Maybe I'll just make this a continuing feature and create a new Weapon vs. AC Chart every week forever. I could rename the blog, "A Weapon Chart a Week".
Oh, you know I'm joking. Actually, the version below is the best one I've done in my grossly-informed opinion. The key really was to simplify Armour Class by getting rid of the weird, Jan Brady, "Studded" category. With that gone, the thing almost rewrote itself.
What do I like about this version? Notably, I was able to get rid of the weird way in which heavier armour was sometimes less useful than lighter armour (a varietal of Bulletproof Nudity, I suppose). In this iteration, heavier armour always improves your defenses, but to differing degrees depending upon the weapon. That's what I wanted all along, but couldn't seem to get before.
Additionally, I feel that this version makes weapon selection a bit more interesting. The Sword is the best weapon for whacking naked people, followed by the Axe, with the Spear and the Mace tying for 3rd place. Moving to Leather Armour, the line-up is much the same, except that the bludgeoning weapons drop in effectiveness and Spears and Axes tie for 2nd place. With Chain, the Spear takes pride of place, with Maces and Axes in 2nd, and the Sword dropping to 3rd. Concluding with Plate, the Mace is now superior, with the Axe in 2nd, and Swords and Spears in 3rd.
This has a neat dynamic to it in my mind: no weapon is clearly the best (unlike the fabled longsword in AD&D). The Spear is generally a less optimal option, but has the advantages of being cheap, throw-able, able to set vs. charge, and being very effectively as a lance. One might expect the rationale fighting-man to carry a spear in hand, with a sword, axe, or mace in his belt. He could cast the spear at an approaching enemy (unless clad in hauberks), and then use a more effective weapon. And, what do you know, this turns out to be exactly what lots of folks actually did.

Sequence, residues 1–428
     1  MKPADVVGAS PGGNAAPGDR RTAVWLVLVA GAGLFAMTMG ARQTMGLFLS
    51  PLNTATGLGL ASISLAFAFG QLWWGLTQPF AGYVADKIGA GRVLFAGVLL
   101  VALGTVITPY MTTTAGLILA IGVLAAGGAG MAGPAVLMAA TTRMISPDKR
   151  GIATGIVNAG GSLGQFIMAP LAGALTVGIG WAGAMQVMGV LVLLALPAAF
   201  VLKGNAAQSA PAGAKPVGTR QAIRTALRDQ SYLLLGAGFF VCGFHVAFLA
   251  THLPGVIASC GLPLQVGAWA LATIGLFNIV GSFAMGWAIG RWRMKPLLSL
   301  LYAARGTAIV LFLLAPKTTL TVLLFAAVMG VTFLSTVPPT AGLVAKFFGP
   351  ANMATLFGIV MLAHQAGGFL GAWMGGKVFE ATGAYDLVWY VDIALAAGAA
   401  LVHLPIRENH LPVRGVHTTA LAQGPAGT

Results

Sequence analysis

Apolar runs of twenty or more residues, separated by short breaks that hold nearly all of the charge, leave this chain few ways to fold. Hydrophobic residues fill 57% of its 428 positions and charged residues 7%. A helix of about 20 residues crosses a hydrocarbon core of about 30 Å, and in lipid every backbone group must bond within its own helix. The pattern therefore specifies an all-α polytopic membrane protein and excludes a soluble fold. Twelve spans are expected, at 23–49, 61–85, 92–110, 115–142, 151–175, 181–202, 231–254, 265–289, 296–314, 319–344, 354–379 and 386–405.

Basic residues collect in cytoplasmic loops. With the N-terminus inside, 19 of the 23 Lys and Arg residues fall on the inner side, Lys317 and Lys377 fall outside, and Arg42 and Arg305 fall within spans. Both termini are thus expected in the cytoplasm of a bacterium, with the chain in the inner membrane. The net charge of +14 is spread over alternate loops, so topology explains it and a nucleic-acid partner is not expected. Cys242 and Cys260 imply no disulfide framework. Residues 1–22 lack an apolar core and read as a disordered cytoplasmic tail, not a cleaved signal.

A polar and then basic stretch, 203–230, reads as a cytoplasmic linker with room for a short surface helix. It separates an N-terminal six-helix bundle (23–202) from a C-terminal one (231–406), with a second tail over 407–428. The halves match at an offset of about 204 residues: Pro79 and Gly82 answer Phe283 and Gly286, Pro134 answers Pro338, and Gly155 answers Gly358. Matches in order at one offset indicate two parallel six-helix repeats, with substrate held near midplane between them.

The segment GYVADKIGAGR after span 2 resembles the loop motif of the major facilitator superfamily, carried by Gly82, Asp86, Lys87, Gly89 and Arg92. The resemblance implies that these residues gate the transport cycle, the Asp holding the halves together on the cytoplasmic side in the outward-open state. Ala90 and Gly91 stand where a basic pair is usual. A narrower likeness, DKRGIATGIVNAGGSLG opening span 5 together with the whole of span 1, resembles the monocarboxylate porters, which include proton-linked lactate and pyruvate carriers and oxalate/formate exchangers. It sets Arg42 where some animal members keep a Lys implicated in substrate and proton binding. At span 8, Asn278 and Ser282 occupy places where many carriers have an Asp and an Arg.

The Flail is the other tricky one: it is essentially a slightly poorer bludgeon, but with the advantage of going around Shields and Parrying weapons. Now, that's not totally realistic, but it keeps the tactical element: a Flail ends up being equivalent to a Mace when used against a parrying opponent, and slightly better when used against a shield-bearer. I'm still debating whether to swipe the wonderful rule from Pendragon wherein a fumble with a Flail means you hit yourself (I love that rule).
Finally, the Fist/Foot and Club/Stick/Rock categories are clearly worse-case scenarios, with the chart giving some advantage to using even a bone as a weapon rather than the bare fist (shades of Samson). As I mentioned previously
: this isn't a wuxia
game. One little thing I just thought of is that if one's weapon breaks (all non-metal weapons break when you roll snake-eyes), you can keep attacking with the broken haft as a club. I have a cool image in my head of a Dying Sun bad-ass laying waste about him with only the handle of his axe in hand.
One further note: several of the wonderful commentators to my post on simplifying armour class, mentioned that they had abstracted the classes down to Light, Medium, and Heavy. That is essentially what I have done here, with Leather=Light, Medium=Chain, and Heavy=Plate. I gave some thought to changing my nomenclature as well, but have decided against it. I'm playing a somewhat obscure game with names in Dying Sun; mechanically, I have reduced armour and weapons to abstract classes, but I have kept specific names. Thus, I have the Weapon Class Sword
instead of Bladed; Mace/Hammer rather than Bludgeon, and so on and I intend to do the same with Armour Classes. Why? I find those generic names very uninspiring. I also can't help but think that newer gamers would find them confusing. I may be wrong about that, but that's my story and I'm sticking to it.
So, I end this post on a very hopeful note, sure to be greeted with huzzahs by all the faithful, imaginary readers: I think that this might really be the final Weapons vs. AC post on the blog. Oh, I'll probably fiddle with specific numbers here and there (I am wondering the modifiers are a bit too low across the board), but I don't expect any major, substantive changes.
As long as you don't count Missile Weapons which I haven't even begun to tackle yet. :)